Waiting for “When”

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Waiting for “When”

You’ve heard the expression, “Say when…when you’ve had enough,” haven’t you? It’s a fond expression that I appreciate. It’s been around forever, though I couldn’t find how it started. When I say forever, I mean at least the 1880’s.  We most commonly hear it when pouring drinks or being served food.

The best time I remember hearing it was in the movie, “Regarding Henry.” Do you remember the scenes?  First, when his secretary was pouring Henry coffee she told him to say “when,” when he had enough.  Then second, when Harrison Ford as Henry told his secretary he had said “when” and quit his job. Sweet movie with a sweet story.
It always seems to refer to ‘enough,’ doesn’t it? Whether pouring cream into coffee, grinding pepper onto a salad, how big a serving, or how fed up one might get with a job or a task, a simple “when” can stop it.

How often are we waiting for “when?” 

There is another way we often use the word “when.”  Rather than it meaning “stop, that is enough,” more commonly we use it as a moment of significance, a key moment.

It would probably take me hours to list all the times I’ve waited for one thing, one event to occur before I would do something else.

  • When our kids are in school….
  • When they graduate…
  • When I have more time…
  • When I learn how…
  • When I finish one more…
  • When I retire…

With “when” often comes “then.”

  • Then I’ll go back to school…
  • Then I will move…
  • Then I will get a job…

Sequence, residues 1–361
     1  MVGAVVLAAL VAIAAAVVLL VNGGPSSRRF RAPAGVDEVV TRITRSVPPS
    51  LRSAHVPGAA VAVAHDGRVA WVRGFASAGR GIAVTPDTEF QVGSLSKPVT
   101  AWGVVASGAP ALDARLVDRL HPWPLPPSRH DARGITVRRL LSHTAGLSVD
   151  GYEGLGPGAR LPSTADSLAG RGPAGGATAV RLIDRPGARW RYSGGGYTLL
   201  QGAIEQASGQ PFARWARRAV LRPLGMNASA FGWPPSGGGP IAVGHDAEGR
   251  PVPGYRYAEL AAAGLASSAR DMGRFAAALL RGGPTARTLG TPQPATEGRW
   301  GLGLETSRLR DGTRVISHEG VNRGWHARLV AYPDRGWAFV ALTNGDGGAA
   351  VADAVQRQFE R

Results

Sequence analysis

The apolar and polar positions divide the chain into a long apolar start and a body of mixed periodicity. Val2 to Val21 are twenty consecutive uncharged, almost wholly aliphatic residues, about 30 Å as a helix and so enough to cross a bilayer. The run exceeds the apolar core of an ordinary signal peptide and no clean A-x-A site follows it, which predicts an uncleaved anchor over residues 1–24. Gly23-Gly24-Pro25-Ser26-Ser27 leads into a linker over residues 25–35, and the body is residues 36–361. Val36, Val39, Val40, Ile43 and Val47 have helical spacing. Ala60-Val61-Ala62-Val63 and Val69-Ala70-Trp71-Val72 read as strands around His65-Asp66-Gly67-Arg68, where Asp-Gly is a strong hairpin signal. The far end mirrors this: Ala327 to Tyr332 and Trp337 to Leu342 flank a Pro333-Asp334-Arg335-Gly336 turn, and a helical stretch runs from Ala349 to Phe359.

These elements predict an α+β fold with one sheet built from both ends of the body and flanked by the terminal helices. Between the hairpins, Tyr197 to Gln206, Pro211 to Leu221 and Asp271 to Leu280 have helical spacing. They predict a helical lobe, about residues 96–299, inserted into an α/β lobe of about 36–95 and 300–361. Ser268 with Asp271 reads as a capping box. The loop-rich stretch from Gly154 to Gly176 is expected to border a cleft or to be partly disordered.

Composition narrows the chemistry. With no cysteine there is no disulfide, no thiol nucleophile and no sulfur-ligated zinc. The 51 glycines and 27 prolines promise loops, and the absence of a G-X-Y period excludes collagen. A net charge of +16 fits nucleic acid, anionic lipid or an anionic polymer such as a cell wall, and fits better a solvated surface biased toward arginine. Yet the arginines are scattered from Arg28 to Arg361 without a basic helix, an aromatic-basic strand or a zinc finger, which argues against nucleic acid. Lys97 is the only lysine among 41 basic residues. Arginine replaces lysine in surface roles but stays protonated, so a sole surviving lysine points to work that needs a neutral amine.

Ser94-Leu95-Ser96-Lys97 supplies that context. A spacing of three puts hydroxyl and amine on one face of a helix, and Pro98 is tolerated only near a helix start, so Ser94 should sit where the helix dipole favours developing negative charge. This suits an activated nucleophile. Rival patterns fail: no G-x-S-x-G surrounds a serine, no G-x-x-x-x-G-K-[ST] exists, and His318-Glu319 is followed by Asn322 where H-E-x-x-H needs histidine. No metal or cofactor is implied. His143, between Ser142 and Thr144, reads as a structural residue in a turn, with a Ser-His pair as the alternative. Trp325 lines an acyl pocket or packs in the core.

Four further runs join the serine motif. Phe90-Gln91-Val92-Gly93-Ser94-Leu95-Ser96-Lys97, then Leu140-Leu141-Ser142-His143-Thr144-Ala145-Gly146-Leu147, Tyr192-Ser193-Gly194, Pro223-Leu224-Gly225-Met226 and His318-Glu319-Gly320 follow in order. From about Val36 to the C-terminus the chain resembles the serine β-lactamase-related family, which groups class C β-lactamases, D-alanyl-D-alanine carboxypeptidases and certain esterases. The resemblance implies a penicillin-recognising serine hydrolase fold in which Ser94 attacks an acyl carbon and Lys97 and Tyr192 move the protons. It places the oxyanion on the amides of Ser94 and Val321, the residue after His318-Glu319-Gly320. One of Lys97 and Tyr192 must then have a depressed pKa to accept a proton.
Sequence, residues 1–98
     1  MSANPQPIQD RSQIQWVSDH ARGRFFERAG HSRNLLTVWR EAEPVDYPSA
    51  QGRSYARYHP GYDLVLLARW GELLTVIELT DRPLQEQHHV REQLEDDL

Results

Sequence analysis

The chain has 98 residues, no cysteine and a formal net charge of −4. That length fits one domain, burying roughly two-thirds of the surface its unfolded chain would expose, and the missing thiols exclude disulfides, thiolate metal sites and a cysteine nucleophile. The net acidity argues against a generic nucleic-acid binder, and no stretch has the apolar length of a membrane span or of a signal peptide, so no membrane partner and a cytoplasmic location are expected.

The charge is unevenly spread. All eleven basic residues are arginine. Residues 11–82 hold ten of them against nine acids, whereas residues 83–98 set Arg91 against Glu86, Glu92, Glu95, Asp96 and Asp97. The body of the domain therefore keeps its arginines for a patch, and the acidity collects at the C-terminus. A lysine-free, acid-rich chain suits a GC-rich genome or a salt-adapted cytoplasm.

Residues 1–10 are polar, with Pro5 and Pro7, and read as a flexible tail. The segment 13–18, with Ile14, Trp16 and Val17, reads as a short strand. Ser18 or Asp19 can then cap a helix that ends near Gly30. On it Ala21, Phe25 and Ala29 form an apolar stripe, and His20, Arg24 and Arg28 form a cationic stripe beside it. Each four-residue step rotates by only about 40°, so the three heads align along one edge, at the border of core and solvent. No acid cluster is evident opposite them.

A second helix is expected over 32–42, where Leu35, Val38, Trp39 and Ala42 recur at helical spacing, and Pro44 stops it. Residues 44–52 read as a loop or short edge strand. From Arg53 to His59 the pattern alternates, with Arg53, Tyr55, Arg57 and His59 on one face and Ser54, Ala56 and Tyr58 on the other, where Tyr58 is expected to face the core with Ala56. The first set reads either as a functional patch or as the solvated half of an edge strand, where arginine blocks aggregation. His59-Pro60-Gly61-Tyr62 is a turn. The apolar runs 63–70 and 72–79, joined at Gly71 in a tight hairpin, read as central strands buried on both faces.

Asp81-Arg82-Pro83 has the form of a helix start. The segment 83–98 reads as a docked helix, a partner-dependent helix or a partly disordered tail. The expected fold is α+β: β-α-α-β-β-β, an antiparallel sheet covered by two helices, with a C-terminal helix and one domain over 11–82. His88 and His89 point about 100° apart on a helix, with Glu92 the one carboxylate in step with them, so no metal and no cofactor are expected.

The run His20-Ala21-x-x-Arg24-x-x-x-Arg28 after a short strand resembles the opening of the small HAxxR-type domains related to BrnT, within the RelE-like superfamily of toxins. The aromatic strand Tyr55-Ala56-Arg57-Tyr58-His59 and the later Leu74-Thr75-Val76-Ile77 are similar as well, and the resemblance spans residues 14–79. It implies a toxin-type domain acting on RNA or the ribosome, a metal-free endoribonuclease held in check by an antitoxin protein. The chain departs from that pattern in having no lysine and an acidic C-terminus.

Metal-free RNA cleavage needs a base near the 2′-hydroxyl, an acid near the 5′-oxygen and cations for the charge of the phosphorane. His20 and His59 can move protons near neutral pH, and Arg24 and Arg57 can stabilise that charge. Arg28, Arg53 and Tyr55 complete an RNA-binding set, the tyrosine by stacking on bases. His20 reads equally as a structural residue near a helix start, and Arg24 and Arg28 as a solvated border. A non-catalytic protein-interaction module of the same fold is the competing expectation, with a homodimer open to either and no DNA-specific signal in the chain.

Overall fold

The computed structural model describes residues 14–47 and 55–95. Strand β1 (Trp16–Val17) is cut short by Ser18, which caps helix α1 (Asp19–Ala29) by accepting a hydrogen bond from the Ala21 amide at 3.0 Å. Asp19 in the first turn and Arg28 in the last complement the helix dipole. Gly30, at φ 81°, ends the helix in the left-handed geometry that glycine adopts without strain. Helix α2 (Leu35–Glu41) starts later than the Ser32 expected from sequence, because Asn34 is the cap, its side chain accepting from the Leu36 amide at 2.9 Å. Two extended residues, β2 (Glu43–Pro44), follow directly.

• Then I will plant a garden…
  • Then I will learn a second language…
  • Then I will travel…
  • Then I will exercise…

It’s striking how often we postpone what we want or need to do. I wonder how much more we could achieve if that word wasn’t part of our vocabulary.

Is “when” just an excuse to put off doing something we want to do?  As an example, exercise on a daily basis is a big one for me.  Too many days I say I will go for a walk WHEN I finish one more article.  Next time I look up there is no time left.

Not a big deal for a day, but risky to one’s health over time.  Do we put off changing our diet to healthier eating, figuring we’ll get to it later?  Isn’t that just another form of “when?”

We find time for what is important to us

Yet if you consider it, we tend to make time for what is important to us. We figure out how to make it happen.  I always seem to find time to read because it’s a favorite thing to do.  So why is it difficult to take some of that time to study that second language or go for that walk?

Do you suppose it is a matter of discipline?  For that circumstance it seems so.  The solution is fairly easy too.  Change up the time of day for that walk, set a timer and simply go when the alarm goes off.  It should be a small, relatively easy time problem to  solve.

We can lose so much with our waiting.